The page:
nine equal horizontal stripes of white (top and bottom) alternating with blue; there is a white square in the upper hoist-side corner with a yellow sun bearing a human face known as the Sun of May and 16 rays alternately triangular and wavy
Economy Uruguay
Economy - overview:
Uruguay's economy is characterized by an export-oriented agricultural sector, a well-educated workforce, and high levels of social spending. After averaging growth of 5% annually in 1996-98, in 1999-2001 the economy suffered from lower demand in Argentina and Brazil, which together account for nearly half of Uruguay's exports. Despite the severity of the trade shocks, Uruguay's financial indicators remained more stable than those of its neighbors, a reflection of its solid reputation among investors and its investment-grade sovereign bond rating - one of only two in South America. Challenges for the government of President Jorge BATLLE include reducing the budget deficit, expanding Uruguay's trade ties beyond its Mercosur trade partners, and reducing the costs of public services. GDP fell by 1.3% in 2000 and by 1.5% in 2001.
purchasing power parity - $31 billion (2001 est.)
GDP - real growth rate:
-1.5% (2001 est.)
GDP - per capita:
purchasing power parity - $9,200 (2001 est.)
GDP - composition by sector:
agriculture: 6%
industry: 29%
services: 65% (2001) (2001)
Population below poverty line:
6% (1997)
Household income or consumption by percentage share:
lowest 10%: 4%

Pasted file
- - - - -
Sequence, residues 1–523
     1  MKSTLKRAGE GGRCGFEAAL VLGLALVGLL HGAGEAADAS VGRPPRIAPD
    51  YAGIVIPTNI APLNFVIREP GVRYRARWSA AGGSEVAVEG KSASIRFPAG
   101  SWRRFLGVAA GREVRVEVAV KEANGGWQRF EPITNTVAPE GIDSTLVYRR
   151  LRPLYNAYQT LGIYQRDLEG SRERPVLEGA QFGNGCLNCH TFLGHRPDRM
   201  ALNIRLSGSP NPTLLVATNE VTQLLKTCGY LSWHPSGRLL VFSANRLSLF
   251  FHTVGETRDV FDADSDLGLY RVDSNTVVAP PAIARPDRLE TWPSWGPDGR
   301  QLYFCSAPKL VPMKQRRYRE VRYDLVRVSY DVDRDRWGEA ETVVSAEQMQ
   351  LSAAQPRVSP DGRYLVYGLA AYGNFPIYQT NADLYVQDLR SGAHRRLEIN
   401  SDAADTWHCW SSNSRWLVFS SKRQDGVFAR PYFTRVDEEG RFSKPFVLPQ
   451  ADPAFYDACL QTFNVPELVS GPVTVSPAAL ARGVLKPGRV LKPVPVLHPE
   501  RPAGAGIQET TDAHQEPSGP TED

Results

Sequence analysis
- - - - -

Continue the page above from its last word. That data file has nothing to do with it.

highest 10%: 26% (1997)
Distribution of family income - Gini index:
42 (1989)
Inflation rate (consumer prices):
3.6% (2001) (2001)
Labor force:
1.2 million (2001) (2001)
Labor force - by occupation:
agriculture 14%, industry 16%, services 70%
Unemployment rate:
15.2% (2001) (2001)
revenues: $3.7 billion
expenditures: $4.6 billion, including capital expenditures of $500 million (2000) (2000)
food processing, electrical machinery, transportation equipment, petroleum products, textiles, chemicals, beverages
Industrial production growth rate:
-2.4% (2001 est.)
Electricity - production:
7.527 billion kWh (2000)
Electricity - production by source:
fossil fuel: 7%
hydro: 93%
other: 1% (2000)
nuclear: 0%
Electricity - consumption:
7.35 billion kWh (2000)
Electricity - exports:
950 million kWh (2000)
Electricity - imports:
1.3 billion kWh (2000)
Agriculture - products:
rice, wheat, corn, barley; livestock; fish
$2.24 billion f.o.b. (2001 est.)
Exports - commodities:
meat, rice, leather products, wool, vehicles, dairy products
Exports - partners:
Mercosur partners 40%, EU 20%, US 8% (2001 est.)